Although it has the smallest engine here, the 2.0-litre Hyundai i40 produces some very good numbers. Its 131kW at 6500rpm almost matches the half-a-litre- larger Mazda, while its 214Nm at 4700rpm demonstrates its efficiency – generally 200Nm or less is standard for a 2.0-litre engine.
At 1441kg, the Hyundai is also the lightest car here, yet the high-ish revs at which its maximum torque is produced gives clue that this engine lacks punch down low in the rev range. It feels slowest of the group, although it sounds better working hard than the Camry, and its six-speed automatic is very smart selecting lower gears quickly.
Above: Hyundai 2.0-litre four-cylinder engine
The Hyundai i40 is efficient in other ways. Not only is it the lightest car here, but it’s also one of the roomiest. It stretches 4.74 metres, the same length as the Accord Euro, but the Hyundai has far more stretching room in the back seat. It matches the Camry and Mazda 6 for rear accommodation, yet they measure 4.81m and 4.87m long, respectively.
Hyundai is trying hard with its interiors, and the i40 is its best effort yet. The soft-touch plastics are nice, and pleasantly consistent, and the rubber-trimmed proper door grabs tactile.
But it dips in the detail – such as the imitation-leather steering wheel, the ‘clacky’ ventilation controls, and storage spots that aren’t lined.
Above: Hyundai i40 dash layout, rear seat, and boot space
The Camry beats all for boot space, however. Its 515-litre cavity just edges out the i40 (505L), Euro (467L) and 6 (438L).
Inside the Toyota Camry Atara SX is a car that prioritises basic functionality, and the driving position, seat comfort, and ergonomics of the interior are spot on.
Neither the fit and finish of its trim panels, however, nor the style of its controls look or feel high quality.
Above: Toyota Camry dash layout, rear seat, and boot space
Despite being the oldest car here, with a five-year vintage, the Honda Accord Euro remains unmatched for interior quality. Its front seats are superb, even featuring prominent shoulder support, although rear occupants suffer from the least amount of sprawling space here.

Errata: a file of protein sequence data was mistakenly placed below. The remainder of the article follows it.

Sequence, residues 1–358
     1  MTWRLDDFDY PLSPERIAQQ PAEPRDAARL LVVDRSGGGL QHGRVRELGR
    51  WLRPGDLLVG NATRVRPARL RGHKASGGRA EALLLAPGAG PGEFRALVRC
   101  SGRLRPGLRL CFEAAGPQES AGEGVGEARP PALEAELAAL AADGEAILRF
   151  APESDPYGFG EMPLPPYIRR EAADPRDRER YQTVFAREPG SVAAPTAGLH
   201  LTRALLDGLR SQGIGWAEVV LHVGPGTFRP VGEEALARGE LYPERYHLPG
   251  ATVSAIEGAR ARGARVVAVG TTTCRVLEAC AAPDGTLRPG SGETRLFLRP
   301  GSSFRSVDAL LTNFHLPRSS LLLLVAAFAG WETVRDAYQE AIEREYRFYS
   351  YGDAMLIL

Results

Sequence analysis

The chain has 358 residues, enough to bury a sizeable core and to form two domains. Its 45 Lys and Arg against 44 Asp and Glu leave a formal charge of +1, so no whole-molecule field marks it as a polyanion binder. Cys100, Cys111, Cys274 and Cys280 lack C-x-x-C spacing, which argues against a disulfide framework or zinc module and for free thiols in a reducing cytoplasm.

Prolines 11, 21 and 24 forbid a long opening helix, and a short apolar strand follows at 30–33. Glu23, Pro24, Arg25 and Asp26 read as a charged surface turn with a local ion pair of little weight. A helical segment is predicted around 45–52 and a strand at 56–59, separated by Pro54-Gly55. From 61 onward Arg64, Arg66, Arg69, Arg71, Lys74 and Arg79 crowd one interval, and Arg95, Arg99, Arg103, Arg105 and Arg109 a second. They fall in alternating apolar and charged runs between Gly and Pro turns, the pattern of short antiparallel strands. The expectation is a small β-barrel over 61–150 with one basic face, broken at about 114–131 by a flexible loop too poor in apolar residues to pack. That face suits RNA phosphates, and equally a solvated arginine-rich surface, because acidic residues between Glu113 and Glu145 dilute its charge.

All controls move with tactility and precision, and even the storage pockets beneath the stereo and on either side of the transmission tunnel are lined with velour. Only the non-colour screens and unintuitive Bluetooth (without music streaming) betray the Accord Euro’s age.
Its boot beats only the Mazda’s, however.
Above: Honda Accord Euro dash layout, rear seat, and boot space
Not only does the Mazda have the smallest boot, but with a high loading lip and smaller opening than its rivals, it further hinders practicality. That said, it joins all rivals here in offering split-fold rear seats and rear seat air vents.
The Mazda 6 interior runs the Euro hard, as it should being a brand new car. Its touchscreen interface isn’t perfect, however, with cheap graphics and similarly average Bluetooth operation.
The design is suave and modern, with piano black and silver accents, and trim quality high. It best balances style, space and quality.
Above: Mazda 6 dash layout, rear seat, and boot space
STEERING, RIDE AND HANDLING
Although the Camry has a strong engine, it is lacking in terms of both steering precision and handling finesse. To go from full left steering lock to full right lock takes 3.2 turns – which means more arm twirling to fit the Toyota into a tight shopping centre car park spot.
By comparison the Hyundai needs 2.8, the Accord Euro 2.7 and the Mazda 6 a quick 2.6 turns lock to lock.